Breed snakes, lizards, or turtles to be sold to stores or labs.
“This place is a zoo!” People say that at overcrowded shopping malls during the holidays, in congested parking lots on weekends and at bustling theme parks when they’re on vacation. When you’re a Zookeeper, however, you say it every day when you’re at work.
That’s because your office really is a zoo — literally — and it’s your job as a Zookeeper to manage and maintain it.
Actually, your job isn’t managing the zoo. It’s managing the wild animals inside it. Their friend, guardian and protector, your job as a Zookeeper is caring for captive creatures, including small ones — like spiders, snakes and birds — and big ones, such as elephants, giraffes and bears. Your typical duties therefore include feeding the animals, grooming them, cleaning their living spaces, training them, playing with them and otherwise supervising their activities, all the while watching them for abnormal behaviors indicating sickness, sadness or stress.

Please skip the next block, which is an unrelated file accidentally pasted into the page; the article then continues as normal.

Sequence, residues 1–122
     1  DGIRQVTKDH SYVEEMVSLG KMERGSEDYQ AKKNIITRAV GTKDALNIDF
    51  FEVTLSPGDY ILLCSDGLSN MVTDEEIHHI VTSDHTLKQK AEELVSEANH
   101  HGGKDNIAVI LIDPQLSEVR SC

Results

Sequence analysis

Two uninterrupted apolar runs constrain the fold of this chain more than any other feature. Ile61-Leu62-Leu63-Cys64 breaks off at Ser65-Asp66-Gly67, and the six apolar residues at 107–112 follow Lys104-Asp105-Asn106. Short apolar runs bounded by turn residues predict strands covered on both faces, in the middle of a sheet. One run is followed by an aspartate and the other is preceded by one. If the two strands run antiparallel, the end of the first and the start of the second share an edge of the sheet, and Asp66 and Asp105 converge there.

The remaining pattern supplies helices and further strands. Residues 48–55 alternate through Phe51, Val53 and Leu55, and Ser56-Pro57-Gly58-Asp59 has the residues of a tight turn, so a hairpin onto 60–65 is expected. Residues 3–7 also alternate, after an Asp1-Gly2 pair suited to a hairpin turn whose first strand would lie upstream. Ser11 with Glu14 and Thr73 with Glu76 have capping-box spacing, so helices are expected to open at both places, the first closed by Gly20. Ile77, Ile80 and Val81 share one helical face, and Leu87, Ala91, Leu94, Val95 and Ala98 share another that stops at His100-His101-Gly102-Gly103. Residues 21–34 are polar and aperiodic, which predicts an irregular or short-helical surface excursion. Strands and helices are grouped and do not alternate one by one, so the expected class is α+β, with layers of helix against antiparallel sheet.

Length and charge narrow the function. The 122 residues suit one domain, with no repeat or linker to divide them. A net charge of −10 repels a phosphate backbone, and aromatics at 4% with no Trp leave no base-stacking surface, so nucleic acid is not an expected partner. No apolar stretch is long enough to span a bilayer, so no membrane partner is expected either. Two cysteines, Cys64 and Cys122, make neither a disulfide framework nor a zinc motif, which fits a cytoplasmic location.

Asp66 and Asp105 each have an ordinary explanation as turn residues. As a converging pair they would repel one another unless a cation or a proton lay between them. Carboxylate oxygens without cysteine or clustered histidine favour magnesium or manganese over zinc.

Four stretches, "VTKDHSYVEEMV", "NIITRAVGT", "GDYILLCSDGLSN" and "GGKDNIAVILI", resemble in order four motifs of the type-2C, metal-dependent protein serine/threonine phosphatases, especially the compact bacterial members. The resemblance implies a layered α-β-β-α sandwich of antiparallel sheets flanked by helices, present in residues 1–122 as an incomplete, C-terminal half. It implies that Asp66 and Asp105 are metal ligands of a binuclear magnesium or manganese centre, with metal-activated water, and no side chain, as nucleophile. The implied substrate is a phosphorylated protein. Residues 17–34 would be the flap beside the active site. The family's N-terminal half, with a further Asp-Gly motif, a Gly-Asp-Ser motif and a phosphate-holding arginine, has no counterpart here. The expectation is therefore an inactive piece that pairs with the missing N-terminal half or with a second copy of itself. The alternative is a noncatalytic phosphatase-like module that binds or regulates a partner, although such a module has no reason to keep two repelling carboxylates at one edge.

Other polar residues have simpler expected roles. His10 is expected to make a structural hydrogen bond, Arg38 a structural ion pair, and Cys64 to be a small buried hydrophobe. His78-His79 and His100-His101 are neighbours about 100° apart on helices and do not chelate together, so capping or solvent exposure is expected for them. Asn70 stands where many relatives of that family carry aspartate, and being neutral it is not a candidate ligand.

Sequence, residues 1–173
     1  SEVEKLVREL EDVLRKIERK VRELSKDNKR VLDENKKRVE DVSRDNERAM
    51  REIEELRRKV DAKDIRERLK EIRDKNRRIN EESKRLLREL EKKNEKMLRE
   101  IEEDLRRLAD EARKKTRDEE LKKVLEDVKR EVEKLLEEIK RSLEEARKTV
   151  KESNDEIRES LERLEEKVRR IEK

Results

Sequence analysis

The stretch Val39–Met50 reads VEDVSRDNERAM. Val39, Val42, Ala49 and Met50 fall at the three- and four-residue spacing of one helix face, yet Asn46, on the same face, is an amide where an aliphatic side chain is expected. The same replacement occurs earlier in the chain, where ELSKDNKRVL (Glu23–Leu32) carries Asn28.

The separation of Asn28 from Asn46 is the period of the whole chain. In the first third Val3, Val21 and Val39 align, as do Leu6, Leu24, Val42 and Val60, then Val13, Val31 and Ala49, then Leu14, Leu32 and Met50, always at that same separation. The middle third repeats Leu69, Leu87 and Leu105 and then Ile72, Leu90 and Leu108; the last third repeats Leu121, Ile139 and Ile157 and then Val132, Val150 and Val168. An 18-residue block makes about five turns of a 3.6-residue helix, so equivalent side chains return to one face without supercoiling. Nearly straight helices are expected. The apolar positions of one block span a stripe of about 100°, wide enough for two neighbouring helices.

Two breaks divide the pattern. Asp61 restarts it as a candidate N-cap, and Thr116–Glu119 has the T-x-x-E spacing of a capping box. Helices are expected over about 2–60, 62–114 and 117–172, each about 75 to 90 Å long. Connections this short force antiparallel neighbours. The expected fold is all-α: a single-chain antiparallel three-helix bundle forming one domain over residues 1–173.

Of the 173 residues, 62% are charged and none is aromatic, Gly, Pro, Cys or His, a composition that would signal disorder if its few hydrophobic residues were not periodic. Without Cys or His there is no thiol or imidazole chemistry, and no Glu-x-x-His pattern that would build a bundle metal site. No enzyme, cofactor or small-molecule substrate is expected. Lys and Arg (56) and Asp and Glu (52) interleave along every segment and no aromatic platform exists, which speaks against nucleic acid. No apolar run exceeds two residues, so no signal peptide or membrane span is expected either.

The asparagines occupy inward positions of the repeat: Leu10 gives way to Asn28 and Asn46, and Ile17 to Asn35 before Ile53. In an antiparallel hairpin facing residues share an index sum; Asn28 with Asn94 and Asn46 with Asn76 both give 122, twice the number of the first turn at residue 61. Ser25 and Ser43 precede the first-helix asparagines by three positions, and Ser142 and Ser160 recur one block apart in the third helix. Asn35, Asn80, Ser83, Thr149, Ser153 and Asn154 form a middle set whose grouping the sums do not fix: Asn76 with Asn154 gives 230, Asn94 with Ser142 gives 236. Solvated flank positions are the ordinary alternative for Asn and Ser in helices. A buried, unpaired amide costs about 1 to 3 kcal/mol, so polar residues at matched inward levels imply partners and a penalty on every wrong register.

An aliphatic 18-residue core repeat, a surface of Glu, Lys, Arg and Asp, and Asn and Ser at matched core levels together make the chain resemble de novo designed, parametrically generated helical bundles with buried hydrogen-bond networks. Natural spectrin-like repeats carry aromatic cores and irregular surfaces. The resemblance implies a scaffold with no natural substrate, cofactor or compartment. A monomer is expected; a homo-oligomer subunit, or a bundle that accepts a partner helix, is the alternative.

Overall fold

Because nobody knows the animals as well as you do, you advise Veterinarians on animals’ health, consult with Animal Curators on animals’ environments, and answer questions from the visiting public on animals’ bodies, diets, habitats and behaviors.
Employed by zoos, aquariums and wildlife refuges, your job can be dangerous, since wild animals often kick, bite, sting and scratch. Because you love animals, however, you focus more on the rewards — affection, for example, education and advocacy — than on the risks. After all, your job has changed a lot over the decades. Once upon a time, you tamed and tranquilized caged creatures; nowadays, however, you secure their survival and support their wellbeing.